By Jennifer Liyanage
Researchers at the C.S. Mott Children’s Hospital found that 46 percent of surveyed parents of teens said that their child showed signs of a new or worsening mental health condition since the pandemic began last year. This has certainly been a year that has led to many new discoveries both pleasant and challenging. As such, there has never been a better time to introduce the Granada Hills Charter (GHC) social workers: Heliana Vargas and Vicky Wen.
According to The Social Work Dictionary, “School social workers are often called on to help students, families, and teachers address problems such as truancy, social withdrawal, overaggressive behaviors, rebelliousness, and the effects of special physical, emotional, or economic problems.”
However, that is only a simple and general definition of what school social workers do on a daily basis. Being part of a school community, they are almost like underdog superheroes, assisting in situations that can take a toll on their own mental well-being in order to assist students, families, and teachers.
Before the pandemic, the social worker team met with students in the health office. Since the pandemic, both Vargas and Wen have been aiding students online through Google Meet and Zoom during distance learning as well as through emails to the GHC student population.
What follows is an interview with our social workers.
What influenced you to become a social worker?
Wen: “I remember making a decision in middle school that I wanted my career to be in the mental health field. My goal was to help people. As I progressed through college, graduate school, and at my first job, I thought I purely wanted to be a mental health therapist working with kids, but I discovered that being a school social worker would be so much more fulfilling. School is a melting pot of change. Children spend so much of their lives in school that it becomes a second home whether that is welcomed or not. As a school social worker, I am able to connect a student and/or family with so many resources: emotional support, medical help, food, technology, etc. I also continue to fulfill my goal of helping people.”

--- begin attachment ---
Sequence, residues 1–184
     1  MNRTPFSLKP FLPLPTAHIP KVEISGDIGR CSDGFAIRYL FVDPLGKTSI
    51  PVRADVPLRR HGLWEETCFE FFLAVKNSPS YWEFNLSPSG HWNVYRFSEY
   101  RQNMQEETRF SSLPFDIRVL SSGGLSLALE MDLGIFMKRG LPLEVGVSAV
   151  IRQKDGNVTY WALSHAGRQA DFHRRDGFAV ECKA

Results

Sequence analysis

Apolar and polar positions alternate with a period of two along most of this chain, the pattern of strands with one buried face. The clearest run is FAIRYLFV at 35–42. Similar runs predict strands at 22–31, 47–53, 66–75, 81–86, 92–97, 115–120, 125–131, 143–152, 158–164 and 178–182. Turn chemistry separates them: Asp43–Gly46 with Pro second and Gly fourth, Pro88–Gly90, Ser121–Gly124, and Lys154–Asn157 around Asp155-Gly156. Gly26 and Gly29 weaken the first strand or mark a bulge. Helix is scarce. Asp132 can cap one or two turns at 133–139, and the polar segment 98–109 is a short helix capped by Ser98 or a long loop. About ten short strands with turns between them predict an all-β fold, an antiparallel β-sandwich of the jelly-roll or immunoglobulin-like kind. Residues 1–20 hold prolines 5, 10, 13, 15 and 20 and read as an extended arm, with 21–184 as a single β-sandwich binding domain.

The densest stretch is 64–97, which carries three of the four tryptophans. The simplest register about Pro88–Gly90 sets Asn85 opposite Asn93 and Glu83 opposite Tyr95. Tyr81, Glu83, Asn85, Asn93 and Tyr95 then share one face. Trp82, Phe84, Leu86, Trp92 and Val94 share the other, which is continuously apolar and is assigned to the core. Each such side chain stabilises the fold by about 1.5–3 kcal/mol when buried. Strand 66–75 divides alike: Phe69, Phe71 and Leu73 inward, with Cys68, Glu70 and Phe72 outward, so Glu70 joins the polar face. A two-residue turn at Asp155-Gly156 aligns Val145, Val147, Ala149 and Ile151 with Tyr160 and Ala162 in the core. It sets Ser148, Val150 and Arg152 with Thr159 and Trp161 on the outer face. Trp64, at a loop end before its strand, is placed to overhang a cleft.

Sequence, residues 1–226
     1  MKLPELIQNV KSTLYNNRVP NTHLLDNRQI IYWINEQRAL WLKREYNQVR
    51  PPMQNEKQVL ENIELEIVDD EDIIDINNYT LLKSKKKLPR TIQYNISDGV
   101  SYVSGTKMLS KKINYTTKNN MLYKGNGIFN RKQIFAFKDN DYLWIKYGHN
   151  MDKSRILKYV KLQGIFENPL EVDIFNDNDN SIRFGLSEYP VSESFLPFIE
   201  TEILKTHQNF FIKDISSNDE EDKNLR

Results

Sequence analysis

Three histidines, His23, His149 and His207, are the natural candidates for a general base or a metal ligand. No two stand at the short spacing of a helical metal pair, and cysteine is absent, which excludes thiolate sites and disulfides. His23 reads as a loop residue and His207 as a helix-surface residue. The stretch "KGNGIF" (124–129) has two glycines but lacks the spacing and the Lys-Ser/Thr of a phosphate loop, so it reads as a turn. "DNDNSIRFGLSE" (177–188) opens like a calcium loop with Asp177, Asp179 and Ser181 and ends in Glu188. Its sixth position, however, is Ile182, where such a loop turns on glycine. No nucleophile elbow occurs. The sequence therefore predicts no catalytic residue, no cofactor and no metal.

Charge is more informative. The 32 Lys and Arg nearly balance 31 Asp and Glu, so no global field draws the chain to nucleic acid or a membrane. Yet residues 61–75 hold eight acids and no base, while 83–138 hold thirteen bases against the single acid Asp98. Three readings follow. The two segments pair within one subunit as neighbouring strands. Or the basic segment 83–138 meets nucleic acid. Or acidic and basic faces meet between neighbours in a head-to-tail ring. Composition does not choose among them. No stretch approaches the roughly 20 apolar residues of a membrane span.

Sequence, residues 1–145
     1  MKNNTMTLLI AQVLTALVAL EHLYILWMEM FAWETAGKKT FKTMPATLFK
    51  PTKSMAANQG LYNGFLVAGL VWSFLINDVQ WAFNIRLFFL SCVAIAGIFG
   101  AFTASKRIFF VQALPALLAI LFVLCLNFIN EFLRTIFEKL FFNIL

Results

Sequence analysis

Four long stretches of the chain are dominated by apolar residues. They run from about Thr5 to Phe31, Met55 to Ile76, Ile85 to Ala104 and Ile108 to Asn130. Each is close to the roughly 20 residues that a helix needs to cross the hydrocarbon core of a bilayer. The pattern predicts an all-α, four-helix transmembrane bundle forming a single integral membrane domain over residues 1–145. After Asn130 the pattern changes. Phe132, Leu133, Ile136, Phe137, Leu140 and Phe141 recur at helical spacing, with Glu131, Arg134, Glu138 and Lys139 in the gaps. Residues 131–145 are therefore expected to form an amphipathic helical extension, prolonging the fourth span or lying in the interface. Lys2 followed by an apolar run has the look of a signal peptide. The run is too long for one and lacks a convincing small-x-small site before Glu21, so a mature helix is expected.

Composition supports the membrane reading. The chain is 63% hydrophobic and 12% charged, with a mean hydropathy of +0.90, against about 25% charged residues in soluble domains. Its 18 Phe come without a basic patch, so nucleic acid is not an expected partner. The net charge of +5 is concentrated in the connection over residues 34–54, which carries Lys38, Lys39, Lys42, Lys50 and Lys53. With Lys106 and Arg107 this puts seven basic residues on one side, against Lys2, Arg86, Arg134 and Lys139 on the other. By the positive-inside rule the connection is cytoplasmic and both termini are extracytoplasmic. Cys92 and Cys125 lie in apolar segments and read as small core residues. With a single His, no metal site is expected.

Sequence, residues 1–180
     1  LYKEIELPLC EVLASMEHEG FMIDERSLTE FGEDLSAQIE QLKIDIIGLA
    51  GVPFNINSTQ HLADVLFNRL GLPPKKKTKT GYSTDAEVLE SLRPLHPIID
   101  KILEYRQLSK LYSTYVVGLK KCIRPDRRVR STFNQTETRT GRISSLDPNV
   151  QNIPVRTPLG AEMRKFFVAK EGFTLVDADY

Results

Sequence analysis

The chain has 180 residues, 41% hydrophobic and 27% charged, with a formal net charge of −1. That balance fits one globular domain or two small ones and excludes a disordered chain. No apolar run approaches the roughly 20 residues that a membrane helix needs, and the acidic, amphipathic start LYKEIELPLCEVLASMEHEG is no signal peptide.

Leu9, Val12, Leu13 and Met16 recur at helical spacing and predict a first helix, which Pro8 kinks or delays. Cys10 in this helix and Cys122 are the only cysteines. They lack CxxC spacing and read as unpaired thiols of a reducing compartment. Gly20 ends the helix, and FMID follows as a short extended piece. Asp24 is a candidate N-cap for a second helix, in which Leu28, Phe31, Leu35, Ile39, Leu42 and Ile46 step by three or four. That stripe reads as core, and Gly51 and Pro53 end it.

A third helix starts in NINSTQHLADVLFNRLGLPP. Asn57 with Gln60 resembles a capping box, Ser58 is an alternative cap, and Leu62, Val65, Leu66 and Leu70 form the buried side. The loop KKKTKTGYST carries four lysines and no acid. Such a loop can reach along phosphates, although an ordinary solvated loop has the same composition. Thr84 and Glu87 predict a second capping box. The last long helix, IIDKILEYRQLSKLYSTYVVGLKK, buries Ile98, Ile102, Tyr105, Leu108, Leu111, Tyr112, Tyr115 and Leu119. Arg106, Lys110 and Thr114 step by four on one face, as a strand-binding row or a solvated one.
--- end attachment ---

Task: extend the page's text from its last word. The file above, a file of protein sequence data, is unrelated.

Vargas: “I feel that I always knew I wanted to be a school social worker, but didn’t know the title for it. Since I was about seven years old my parents would take me to El Salvador during the Winter Break and one of our goals for going was to give to families in need and help brighten the holiday season. It always brought me the feeling of fulfillment. As I got older, we continued the tradition, but it also became a part of who I was. I was always looking for opportunities to help others. Along my journey I branched out to explore the role of a mental health therapist in the community, although it provided learning opportunities, I kept going back to wanting to be in a school setting.”